Beth Duff-Brown has observed this, as well. She says, “Matthew is not only one heck of a great IT guy who keeps all our communications running smoothly, but he's like having your own personal handyman/carpenter/electrician on staff, as well.” Feldman describes it this way: “If we need someone to put a desk together, we go to Matt. If there is a hole in the roof that is leaking into the electrical closet (yes, this actually happened), Matt deals with it. If the drum for the water cooler is empty, Matt lifts the five gallon jug to replace it.”
Part of this extraordinary effort, says Nancy Lonhart, is Matt’s understanding of the bottom line. She says, “We are a division that relies solely on research, so our financial margins are thin at best. Matt is always looking for frugal solutions. With his amazing IT contacts he is able to find inexpensive IT equipment and solutions that extend the life of our machines. We have been able to save money across the board while continuing to provide excellent equipment and computer support for our faculty, staff, researchers and visitors.”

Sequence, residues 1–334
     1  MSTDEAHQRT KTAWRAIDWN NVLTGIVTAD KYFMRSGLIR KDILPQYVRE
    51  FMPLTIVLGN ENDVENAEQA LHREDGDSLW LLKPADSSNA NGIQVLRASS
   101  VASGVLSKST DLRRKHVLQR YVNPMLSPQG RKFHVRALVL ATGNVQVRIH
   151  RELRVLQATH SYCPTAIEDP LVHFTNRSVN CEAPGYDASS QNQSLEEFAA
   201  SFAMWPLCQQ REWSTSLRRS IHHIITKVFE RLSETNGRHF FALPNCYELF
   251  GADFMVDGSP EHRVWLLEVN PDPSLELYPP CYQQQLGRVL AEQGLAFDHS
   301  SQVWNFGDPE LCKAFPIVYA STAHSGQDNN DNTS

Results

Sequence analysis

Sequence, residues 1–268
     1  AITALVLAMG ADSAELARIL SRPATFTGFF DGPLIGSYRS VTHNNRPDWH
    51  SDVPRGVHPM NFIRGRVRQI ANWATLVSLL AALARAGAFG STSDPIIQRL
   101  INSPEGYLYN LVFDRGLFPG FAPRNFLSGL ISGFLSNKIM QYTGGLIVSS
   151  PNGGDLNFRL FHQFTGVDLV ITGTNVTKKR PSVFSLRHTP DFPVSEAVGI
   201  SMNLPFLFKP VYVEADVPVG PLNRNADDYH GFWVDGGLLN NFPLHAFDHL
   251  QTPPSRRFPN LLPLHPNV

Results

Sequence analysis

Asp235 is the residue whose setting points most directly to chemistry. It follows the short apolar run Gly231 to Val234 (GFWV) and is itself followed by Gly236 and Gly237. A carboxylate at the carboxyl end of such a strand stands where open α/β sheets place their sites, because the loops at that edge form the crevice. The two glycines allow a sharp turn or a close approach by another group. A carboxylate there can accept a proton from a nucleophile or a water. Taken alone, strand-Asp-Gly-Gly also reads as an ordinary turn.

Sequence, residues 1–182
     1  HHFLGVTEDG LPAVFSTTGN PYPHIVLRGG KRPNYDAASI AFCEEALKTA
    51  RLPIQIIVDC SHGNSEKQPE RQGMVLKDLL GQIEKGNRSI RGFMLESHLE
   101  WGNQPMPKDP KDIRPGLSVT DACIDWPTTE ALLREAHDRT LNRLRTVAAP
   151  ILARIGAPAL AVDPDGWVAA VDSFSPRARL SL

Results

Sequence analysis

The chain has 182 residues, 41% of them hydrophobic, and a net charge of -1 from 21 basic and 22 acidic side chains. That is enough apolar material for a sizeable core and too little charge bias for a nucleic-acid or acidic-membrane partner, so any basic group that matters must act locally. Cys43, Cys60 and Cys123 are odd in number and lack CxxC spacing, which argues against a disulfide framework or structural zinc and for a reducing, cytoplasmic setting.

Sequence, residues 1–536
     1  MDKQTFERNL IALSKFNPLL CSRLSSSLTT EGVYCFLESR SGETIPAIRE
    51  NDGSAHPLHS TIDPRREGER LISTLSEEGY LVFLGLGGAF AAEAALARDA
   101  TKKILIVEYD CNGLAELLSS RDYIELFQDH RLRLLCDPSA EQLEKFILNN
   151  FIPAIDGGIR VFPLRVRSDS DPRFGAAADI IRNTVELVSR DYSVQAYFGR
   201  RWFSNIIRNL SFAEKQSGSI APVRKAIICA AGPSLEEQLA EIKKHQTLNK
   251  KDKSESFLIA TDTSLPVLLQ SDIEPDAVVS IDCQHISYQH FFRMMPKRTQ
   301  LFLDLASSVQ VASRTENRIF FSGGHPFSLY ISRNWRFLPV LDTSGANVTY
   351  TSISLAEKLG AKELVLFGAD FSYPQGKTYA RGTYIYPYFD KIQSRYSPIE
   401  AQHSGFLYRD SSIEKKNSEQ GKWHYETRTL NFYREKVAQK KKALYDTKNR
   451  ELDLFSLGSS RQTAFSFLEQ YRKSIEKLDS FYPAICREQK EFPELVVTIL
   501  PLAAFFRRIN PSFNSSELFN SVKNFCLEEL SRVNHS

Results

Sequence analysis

And Matt provides this level of support from wherever he is at all hours of the day. Colleague Eran Bendavid says that Matt is “always – always –willing to help, even from home at 4:00 in the morning, in the middle of a migraine attack, rebooting servers, coming up with solutions, doing everything just right. He's fiercely protective of the division and makes sure everything happens smoothly… And all of this on a Harley.”
That’s right, the department’s “IT guy” is also a “biker guy.” He enjoys motorcycle riding, golf, softball and anything else that he can enjoy outdoors with his wife.